In 1974, in the wake of one of Israel’s most devastating intelligence failures, the Israeli military intelligence (AMAN) created a new unit dedicated to ensuring the same mistake would not be repeated.
Just a year before, Israel had misread the intentions of Egyptian President Anwar Sadat to declare a surprise war on Israel during the Jewish holiday of Yom Kippur. Egyptian forces had caught Israel unaware and unprepared.
Based upon the recommendations of an investigation committee, AMAN created a whole unit: Makhleket HaBakara or the Department of Control. This department is often nicknamed the “devil’s advocate” or “Ifha Mistabra” — an Aramaic saying that means “the opposite turned out to be true".
Its role is to actively check and contradict assessments produced by other branches of the Israeli intelligence community. If the general opinion were one thing, “Ifha Mistabra” would say the opposite. It would actively argue against it.
At the time, it was seen as a way to avoid “groupthink”. The practice has now become a common intelligence practice (“red teaming”) aimed at preventing major intelligence failures.
This unit produced some of the great minds of Israel’s security apparatus, such as Yaakov Amidror and Amos Gilad. The department has access to the same pool of intelligence and data points as its main “contradictor”, AMAN’s Research Branch.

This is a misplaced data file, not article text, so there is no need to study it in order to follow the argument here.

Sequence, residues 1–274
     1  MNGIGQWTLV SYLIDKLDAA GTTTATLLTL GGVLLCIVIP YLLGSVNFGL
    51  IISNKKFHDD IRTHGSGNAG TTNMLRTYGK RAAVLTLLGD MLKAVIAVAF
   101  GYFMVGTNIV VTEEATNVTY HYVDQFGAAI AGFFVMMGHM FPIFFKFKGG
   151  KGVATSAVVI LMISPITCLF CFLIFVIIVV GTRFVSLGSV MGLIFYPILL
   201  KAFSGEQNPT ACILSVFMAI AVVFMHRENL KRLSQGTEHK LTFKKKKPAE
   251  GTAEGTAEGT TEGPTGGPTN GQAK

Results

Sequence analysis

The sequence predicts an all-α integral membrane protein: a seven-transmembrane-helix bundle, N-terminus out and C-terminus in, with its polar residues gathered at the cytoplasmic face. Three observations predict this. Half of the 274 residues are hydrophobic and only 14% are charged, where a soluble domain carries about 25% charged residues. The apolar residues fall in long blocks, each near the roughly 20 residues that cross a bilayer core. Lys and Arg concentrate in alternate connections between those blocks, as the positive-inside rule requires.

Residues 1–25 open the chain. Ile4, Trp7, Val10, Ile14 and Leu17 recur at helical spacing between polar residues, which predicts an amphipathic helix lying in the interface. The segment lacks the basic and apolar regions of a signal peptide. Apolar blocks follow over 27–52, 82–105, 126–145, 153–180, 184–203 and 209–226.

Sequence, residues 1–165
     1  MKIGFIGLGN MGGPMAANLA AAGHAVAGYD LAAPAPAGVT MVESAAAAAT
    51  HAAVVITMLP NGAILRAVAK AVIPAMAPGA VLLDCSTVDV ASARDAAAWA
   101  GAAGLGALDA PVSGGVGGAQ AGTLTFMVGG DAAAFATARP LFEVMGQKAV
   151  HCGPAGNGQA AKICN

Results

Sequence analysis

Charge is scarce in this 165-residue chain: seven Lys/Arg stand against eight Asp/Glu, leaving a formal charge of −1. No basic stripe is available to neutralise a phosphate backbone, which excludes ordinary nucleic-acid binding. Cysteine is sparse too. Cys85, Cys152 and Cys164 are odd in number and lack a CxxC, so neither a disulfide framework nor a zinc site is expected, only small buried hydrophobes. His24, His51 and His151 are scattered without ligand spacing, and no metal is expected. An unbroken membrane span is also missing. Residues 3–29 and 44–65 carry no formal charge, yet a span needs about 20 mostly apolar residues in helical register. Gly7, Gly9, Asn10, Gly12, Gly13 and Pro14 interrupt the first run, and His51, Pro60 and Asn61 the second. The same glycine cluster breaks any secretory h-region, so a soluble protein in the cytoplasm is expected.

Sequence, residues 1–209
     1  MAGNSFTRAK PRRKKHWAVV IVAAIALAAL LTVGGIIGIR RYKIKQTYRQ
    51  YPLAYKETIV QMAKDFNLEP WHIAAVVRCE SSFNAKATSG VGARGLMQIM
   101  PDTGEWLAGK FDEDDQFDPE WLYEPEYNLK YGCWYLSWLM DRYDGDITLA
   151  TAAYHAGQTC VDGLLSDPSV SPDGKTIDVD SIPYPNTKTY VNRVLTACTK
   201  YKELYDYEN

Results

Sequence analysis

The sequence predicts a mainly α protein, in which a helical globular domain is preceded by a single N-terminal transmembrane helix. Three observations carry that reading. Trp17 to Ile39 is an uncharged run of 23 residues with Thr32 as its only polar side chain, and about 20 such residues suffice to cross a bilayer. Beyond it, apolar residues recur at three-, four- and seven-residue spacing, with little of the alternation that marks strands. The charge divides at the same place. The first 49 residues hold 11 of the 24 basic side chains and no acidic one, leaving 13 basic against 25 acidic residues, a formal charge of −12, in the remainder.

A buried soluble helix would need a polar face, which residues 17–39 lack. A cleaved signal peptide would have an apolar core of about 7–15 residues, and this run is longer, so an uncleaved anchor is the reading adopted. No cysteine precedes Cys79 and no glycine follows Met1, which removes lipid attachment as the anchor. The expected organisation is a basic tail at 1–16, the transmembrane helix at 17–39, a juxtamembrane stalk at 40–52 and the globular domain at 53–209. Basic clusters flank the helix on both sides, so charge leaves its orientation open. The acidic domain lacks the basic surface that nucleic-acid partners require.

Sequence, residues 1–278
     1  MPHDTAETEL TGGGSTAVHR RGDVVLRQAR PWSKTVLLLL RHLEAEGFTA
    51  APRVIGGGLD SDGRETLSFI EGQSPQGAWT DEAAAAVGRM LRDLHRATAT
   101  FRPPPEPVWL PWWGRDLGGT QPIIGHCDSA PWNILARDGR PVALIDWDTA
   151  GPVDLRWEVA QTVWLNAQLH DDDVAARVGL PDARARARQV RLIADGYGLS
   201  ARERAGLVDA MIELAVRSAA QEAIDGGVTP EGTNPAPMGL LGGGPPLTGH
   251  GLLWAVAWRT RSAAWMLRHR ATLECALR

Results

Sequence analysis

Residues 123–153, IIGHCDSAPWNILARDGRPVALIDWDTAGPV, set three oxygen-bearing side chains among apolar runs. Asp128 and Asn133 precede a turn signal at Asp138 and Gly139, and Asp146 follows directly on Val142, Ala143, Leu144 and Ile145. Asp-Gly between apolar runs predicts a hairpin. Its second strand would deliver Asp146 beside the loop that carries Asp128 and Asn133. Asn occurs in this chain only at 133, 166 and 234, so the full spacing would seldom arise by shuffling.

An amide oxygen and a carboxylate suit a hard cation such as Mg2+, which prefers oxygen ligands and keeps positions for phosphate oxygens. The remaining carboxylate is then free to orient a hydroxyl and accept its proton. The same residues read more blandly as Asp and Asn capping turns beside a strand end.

But over the last decades, its value has declined, and high-ranking intelligence officials have effectively stopped listening to its assessment.
The assessment it produced rarely proved correct.
The branch could only point to very few successes in providing valuable assessments. This perceived failure is not surprising: Constantly contradicting one of the best intelligence services in the world isn’t a great career path.
The “devil’s advocate” unit was, by definition, bound to be wrong most of the time. And so people stopped listening. One of the tools meant to prevent a repeat of the 1973 War failed.
Fifty years later — almost to the day — Israel repeated this exact failure.
Of course, this is only a small element within the much bigger systemic failure that allowed the 7 October Hamas massacre to happen. This failure adds to the list of unsinkable ships that eventually sank, unattackable countries attacked, and unbreakable dams that ultimately broke.
The truth is no system is immune to failure. Systems deemed unbreakable tend to be the ones that fail most dramatically.
And so, on a quiet morning of 7 October, more than a thousand Hamas commandos from the al-Nukhba unit managed to cross into Israel, attacking border communities and military bases and taking Israelis back to Gaza as hostages.